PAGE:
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Design Portfolio: Brock and Roll

1964 Shelby Daytona Cobra Coupe

Carroll Shelby took aim at Ferrari’s 250 GTO when he and his scrappy team rolled out the Daytona Cobra Coupe for the 1964 racing season. Like an early version of Shelby’s AC-bodied Cobra roadster, the coupe was powered by Ford’s 289 cu in V-8, which was topped with a quartet of Weber carburetors. The newer car, however, had aerodynamic advantages over the roadster, which was limited in top speed because of its open architecture. The coupe was penned by then-24-year-old Peter Brock, and with development driver Ken Miles at the wheel, it achieved a Ferrari-beating speed of 190 mph when the design was fully sorted. 

After finishing second in its class in the 1964 FIA World Sportscar Championship, the Daytona Cobra Coupe won the 1965 title. Shelby American is building 50 Daytona Cobra Coupe continuation cars to commemorate the golden anniversary of that victory. The first of those cars is featured in Robb Report’s Ultimate Gift Guide (“Continued Success,” page 169).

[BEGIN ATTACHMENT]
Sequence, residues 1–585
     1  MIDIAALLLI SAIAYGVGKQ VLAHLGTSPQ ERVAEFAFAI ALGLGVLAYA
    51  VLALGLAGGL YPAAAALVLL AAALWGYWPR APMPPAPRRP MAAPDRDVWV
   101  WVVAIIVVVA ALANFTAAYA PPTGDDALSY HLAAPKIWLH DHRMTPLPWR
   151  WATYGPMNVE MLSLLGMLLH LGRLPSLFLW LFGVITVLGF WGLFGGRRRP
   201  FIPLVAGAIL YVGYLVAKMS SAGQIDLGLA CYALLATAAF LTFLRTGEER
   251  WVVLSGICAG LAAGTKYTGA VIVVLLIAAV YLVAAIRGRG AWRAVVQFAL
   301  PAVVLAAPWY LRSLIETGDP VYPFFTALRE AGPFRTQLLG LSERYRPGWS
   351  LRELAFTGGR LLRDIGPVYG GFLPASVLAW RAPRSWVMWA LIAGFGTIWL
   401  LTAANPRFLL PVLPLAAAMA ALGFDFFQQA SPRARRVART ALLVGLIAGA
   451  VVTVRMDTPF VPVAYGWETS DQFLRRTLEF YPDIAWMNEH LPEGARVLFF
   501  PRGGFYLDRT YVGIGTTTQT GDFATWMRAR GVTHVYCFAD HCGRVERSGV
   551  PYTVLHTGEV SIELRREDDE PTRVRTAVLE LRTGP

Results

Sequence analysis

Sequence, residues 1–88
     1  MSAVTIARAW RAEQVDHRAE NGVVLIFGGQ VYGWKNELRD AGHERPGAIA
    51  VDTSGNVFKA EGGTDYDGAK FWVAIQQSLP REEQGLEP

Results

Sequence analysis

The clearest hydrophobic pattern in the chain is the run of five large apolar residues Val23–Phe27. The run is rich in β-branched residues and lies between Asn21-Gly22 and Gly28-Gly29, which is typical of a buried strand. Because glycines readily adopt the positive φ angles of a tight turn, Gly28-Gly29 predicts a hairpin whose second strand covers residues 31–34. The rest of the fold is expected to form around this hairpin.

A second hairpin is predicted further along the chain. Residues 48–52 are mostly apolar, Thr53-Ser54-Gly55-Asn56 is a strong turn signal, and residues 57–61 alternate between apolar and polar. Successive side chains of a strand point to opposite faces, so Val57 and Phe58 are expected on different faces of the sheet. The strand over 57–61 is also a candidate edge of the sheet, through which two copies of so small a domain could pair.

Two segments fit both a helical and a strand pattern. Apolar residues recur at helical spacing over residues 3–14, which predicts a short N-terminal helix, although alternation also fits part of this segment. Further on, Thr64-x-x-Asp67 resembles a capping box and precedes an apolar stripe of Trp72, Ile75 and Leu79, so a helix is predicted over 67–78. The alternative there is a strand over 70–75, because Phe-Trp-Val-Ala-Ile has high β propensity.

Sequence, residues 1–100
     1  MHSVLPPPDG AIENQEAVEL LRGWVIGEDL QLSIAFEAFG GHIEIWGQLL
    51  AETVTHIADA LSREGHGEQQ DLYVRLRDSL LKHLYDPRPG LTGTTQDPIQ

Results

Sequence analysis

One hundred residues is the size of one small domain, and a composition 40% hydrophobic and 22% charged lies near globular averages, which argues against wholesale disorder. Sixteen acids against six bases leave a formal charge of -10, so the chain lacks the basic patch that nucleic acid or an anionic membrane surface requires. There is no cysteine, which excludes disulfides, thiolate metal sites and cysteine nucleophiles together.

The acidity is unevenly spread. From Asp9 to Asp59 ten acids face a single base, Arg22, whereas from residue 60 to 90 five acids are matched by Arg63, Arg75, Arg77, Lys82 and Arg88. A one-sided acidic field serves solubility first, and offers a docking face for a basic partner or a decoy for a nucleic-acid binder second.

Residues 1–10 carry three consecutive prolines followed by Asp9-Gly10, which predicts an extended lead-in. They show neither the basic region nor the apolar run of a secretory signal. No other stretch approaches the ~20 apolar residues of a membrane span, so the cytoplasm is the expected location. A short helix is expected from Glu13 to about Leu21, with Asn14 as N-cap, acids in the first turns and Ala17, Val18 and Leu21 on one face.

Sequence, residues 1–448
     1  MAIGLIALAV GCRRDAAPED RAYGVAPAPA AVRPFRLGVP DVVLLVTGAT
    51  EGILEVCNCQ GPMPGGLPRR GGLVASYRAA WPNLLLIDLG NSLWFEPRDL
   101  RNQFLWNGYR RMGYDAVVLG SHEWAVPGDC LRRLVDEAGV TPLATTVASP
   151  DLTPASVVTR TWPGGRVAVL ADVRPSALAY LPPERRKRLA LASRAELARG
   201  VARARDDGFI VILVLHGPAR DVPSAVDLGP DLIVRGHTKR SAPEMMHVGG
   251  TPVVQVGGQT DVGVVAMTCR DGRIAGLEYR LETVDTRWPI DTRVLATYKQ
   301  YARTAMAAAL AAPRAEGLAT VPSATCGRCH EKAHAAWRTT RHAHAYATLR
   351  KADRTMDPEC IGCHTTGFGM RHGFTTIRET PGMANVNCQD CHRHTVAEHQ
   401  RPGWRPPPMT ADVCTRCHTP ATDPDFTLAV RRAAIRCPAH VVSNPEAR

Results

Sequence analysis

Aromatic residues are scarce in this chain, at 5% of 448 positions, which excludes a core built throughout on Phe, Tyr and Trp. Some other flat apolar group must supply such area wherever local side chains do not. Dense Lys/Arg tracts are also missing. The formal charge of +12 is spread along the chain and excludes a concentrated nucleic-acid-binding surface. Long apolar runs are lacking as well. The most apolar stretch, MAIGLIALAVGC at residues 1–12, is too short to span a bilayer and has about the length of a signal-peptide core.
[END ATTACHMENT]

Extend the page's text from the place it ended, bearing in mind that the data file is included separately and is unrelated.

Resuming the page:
Only six examples of the original Daytona Cobra Coupe were produced. The first was built at Shelby’s shop in Venice, Calif.; the bodies for the others were made by Carrozzeria Gransport in Modena, Italy. The program was curtailed in 1965 when Ford enlisted Shelby to work on its GT40 racecar. With his focus shifted, Shelby sold some of the Daytona Cobra Coupes for less than $7,000 apiece. Today those cars are valued by market experts at nearly $30 million.  

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